Wednesday, June 8, 2016

My Little Cricket’s Delay: Genetics Results

In March of 2016 I took my Little Cricket to his general pediatrician about my sons delays. On that day I got a referral from her to do a genetic test. It took 3 months to get an appointment with a geneticist. It took another 6 months and three rounds of denials to try and get my insurance to cover the tests my son needed. And then in January my husband’s insurance switched; which means that I had to start the process all over again. SIGH,


Finally in April 2017 I got an approval from my insurance for 2 of the 11 tests my doctors recommended. We decided while I continue fighting insurance I would at least get the two tests we did get approved done. We got the blood drawn, the blood was sent to the lab and we waited to get the call to come in for the results. That call came in and we went in for our appointment today.


I didn’t know what to expect. I really had no expectations. I am done with expectations because I am almost always blindsided. So with no expectations our geneticist explained how my son has a rare duplication on his 16th chromosome; duplication on the short P arm in a few different areas. She proceeded to explain that this duplication is rare. That there are not many documented cases of people with it. And even the ones that do have the exact same duplication on the exact same line have duplications on different genes. They do know that kids with this duplication have speech delays, they have global developmental delays, that some kids develop ADD and a very few 7% end up with a grand mall seizure disorder that shows between the ages of 4-9.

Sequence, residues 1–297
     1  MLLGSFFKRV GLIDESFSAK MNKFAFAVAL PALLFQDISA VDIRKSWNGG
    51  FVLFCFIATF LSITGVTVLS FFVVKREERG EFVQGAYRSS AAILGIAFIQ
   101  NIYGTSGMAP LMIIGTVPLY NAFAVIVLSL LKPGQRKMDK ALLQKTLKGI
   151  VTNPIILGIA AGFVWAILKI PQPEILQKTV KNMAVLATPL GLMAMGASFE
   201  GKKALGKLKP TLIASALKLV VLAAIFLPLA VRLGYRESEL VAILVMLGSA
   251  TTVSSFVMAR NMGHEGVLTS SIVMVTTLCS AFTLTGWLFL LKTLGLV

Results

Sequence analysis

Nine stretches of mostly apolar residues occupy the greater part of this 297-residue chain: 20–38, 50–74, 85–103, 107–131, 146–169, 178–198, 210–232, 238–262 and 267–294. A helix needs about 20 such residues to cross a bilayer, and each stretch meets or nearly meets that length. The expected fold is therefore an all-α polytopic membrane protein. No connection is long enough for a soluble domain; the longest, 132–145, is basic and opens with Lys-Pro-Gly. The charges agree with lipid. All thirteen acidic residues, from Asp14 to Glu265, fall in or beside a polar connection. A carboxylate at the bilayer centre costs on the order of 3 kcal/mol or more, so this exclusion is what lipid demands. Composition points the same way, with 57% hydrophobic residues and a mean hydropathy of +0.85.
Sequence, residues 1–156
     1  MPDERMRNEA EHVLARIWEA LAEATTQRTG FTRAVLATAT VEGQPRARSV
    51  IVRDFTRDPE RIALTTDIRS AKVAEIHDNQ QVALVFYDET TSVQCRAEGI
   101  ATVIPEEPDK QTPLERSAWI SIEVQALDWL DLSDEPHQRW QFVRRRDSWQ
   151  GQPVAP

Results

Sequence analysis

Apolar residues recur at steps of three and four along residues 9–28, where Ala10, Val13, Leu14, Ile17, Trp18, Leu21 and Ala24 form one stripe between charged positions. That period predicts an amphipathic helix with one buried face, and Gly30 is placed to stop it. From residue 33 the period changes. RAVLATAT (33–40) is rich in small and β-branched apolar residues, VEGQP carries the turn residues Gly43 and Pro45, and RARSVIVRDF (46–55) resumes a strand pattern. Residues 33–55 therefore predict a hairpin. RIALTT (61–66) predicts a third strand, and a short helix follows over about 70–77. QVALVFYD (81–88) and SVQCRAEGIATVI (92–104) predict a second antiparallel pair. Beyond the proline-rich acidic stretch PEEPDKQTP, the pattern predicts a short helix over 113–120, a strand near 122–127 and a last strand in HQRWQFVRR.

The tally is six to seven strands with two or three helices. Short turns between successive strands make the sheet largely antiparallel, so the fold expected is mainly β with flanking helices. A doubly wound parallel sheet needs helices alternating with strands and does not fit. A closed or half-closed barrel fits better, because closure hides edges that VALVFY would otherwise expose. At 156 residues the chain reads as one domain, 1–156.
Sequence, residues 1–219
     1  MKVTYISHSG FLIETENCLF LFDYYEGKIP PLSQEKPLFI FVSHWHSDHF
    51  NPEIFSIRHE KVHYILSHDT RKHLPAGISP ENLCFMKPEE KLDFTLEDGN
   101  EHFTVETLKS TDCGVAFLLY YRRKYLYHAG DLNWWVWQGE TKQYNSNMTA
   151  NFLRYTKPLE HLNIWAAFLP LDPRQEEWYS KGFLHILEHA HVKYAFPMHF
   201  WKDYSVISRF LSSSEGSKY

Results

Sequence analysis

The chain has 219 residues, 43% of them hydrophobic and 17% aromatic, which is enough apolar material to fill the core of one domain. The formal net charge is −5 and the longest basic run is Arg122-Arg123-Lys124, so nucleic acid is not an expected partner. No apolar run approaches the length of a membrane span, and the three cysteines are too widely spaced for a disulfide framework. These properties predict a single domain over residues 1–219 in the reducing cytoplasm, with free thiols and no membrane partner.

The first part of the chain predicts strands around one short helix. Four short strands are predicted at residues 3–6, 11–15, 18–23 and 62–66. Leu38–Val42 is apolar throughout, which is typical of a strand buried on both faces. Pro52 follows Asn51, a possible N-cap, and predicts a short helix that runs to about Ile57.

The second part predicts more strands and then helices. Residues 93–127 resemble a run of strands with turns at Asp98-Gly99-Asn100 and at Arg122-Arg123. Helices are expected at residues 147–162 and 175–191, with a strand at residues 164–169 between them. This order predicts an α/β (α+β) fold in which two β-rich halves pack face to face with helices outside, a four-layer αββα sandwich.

My geneticist also stated that because of this new information and the duplications that my son has that there is no way that he has Autism. At first I was in disbelief.

Absolute frozen terror.

I have just spent the past four months trying to come to terms with the fact that my Little Cricket has Autism. But a part of me has still fought it. I didn’t want to let this kernel of hope spiral out of control. Because what if she is wrong.



I am more confused than ever. On one hand this could be an amazing thing. Finally a black and white answer to the question I have been asking over and over and over again. On the other hand what if it is a genetic mutation that caused his autism.

The geneticist, when she met my Little Cricket last year, didn’t think that my son had autism. And now she is adamant that is not what he has. She said that children that get labeled with autism and who grow out of the label in her opinion never had it in the first place. And she was positive that by age 6 or 7 my Little Cricket will no longer meet the autism criteria.

For now my head is spinning. There is no doubt that this is another piece to the puzzle. How it effects the whole picture is yet to be seen.

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